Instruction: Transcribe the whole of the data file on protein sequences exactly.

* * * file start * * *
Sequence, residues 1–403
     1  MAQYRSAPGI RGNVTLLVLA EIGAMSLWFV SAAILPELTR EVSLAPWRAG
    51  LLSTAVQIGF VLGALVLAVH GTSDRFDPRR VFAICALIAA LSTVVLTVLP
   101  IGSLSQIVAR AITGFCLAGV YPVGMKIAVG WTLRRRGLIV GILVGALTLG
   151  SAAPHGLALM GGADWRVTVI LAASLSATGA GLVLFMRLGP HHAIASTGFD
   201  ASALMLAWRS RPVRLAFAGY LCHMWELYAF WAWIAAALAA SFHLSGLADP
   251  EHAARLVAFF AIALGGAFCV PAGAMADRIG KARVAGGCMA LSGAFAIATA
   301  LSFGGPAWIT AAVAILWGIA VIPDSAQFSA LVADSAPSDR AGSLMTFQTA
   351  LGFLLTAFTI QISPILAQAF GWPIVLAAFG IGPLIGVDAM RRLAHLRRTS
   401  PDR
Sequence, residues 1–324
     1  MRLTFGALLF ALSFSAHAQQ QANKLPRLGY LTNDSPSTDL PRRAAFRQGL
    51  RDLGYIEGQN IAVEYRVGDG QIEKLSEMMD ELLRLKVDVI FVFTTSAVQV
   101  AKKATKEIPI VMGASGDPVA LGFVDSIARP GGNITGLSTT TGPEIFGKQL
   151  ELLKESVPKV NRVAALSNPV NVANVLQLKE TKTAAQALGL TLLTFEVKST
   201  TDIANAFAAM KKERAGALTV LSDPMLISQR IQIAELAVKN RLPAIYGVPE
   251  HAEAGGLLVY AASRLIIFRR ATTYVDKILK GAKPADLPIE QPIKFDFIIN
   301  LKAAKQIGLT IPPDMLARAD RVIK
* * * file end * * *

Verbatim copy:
Sequence, residues 1–403
     1  MAQYRSAPGI RGNVTLLVLA EIGAMSLWFV SAAILPELTR EVSLAPWRAG
    51  LLSTAVQIGF VLGALVLAVH GTSDRFDPRR VFAICALIAA LSTVVLTVLP
   101  IGSLSQIVAR AITGFCLAGV YPVGMKIAVG WTLRRRGLIV GILVGALTLG
   151  SAAPHGLALM GGADWRVTVI LAASLSATGA GLVLFMRLGP HHAIASTGFD
   201  ASALMLAWRS RPVRLAFAGY LCHMWELYAF WAWIAAALAA SFHLSGLADP
   251  EHAARLVAFF AIALGGAFCV PAGAMADRIG KARVAGGCMA LSGAFAIATA
   301  LSFGGPAWIT AAVAILWGIA VIPDSAQFSA LVADSAPSDR AGSLMTFQTA
   351  LGFLLTAFTI QISPILAQAF GWPIVLAAFG IGPLIGVDAM RRLAHLRRTS
   401  PDR
Sequence, residues 1–324
     1  MRLTFGALLF ALSFSAHAQQ QANKLPRLGY LTNDSPSTDL PRRAAFRQGL
    51  RDLGYIEGQN IAVEYRVGDG QIEKLSEMMD ELLRLKVDVI FVFTTSAVQV
   101  AKKATKEIPI VMGASGDPVA LGFVDSIARP GGNITGLSTT TGPEIFGKQL
   151  ELLKESVPKV NRVAALSNPV NVANVLQLKE TKTAAQALGL TLLTFEVKST
   201  TDIANAFAAM KKERAGALTV LSDPMLISQR IQIAELAVKN RLPAIYGVPE
   251  HAEAGGLLVY AASRLIIFRR ATTYVDKILK GAKPADLPIE QPIKFDFIIN
   301  LKAAKQIGLT IPPDMLARAD RVIK